Until now key DOD stakeholder roles in autonomy and robotics development have been dispersed throughout the innovation ecosystem. The DOD has created an ecosystem of defense innovation labs, hubs, and centers to help bridge the technology innovation gap between private-sector firms and the U.S. military. There is recent indication that Congress will grant leadership of that ecosystem greater authority to deliver capability by means other than JCIDS. While there is sufficient authority in the existing DOD acquisition regulation to innovate, a focused entity empowered to oversee and drive the delivery of autonomy capability for future Warfighters is clearly needed. Such delivery leadership could be provided by CDAO, as a follow on to successes in the Replicator initiative 18 to 24 months from now.
The DOD innovation ecosystem has been the greatest conduit for newer non-traditional partners and VC-backed start-ups to engage the DOD. In addition to the challenge of defense innovation being disconnected from defense procurement, input from the operational user community within the combatant commands tends to be ad-hoc. In order to deliver capabilities, DOD leadership must transition the innovation ecosystem built to develop and mature autonomous systems technology into an “innovation adoption” enterprise to deliver autonomous systems capability, on the battlefield, at-scale. To accelerate innovation adoption, the CDAO could work with operational leaders and industry partners of all types to help inspire new concepts of operations that allow Service acquisition chiefs to integrate innovative capabilities at-scale.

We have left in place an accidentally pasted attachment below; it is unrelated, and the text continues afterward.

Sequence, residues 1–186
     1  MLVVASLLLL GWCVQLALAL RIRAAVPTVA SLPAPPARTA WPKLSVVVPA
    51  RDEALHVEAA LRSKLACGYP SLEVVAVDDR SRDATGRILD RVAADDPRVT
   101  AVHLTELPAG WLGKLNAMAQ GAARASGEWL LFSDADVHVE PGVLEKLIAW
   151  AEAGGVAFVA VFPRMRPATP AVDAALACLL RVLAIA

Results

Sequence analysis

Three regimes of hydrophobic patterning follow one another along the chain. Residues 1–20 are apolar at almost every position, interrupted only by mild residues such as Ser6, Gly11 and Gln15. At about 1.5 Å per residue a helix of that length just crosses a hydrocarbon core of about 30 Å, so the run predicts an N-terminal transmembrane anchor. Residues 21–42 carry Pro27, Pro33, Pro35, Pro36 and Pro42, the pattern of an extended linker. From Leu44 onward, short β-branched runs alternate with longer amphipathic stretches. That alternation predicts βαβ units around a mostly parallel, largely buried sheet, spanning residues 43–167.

Stakeholder Engagement on Autonomy
Based upon preliminary reports on Replicator, the Defense Innovation Unit (DIU) will seek to leverage the power of the innovation ecosystem to operationalize Replicator’s vision, with the Deputy Secretary and the Vice Chairman of the Joint Chiefs-of-Staff at the helm. Following a successful two-year Replicator effort, CDAO could step in to lead and advise a fresh set of key stakeholders from the acquisition and operational communities. CDAO could use ASAP Act intent as a framework to take on the long-term role of coordination between leadership in these communities to deliver, deploy and sustain autonomous systems capability at-scale on the battlefield, “between now and 2027, now and 2035, now and 2049, and beyond.”
Ultimately, the difficult task of defining DOD requirements appropriately is made easier by finding ways, especially for the Services, to work with industry, early and often. Traditional industry partners have a long history of enhancing DOD progress in research, development and experimentation. More recently, innovations from commercially developed technologies have gained interest from the operational community seeking greater capability for future Warfighters. Smaller companies that do not traditionally do business with DOD and start-ups backed by venture capital (VC), are the leading developers of commercial innovations, from Starlink to Switchblades to commercial imagery.
Recently intensified DOD interest in innovation adoption focuses on answering the question of how to adopt, at-scale, innovations in commercial technology developed in the non-traditional and VC-backed commercial R&D sector for Warfighter capability. Accordingly, the Replicator initiative is envisioned to use commercial technologies, relying on “uplift and urgency from the commercial sector”. To provide Warfighter capability at-scale, acquisition stakeholders must be able to generate requirements that do not limit the ability of the commercial sector to bring to bear its full capability.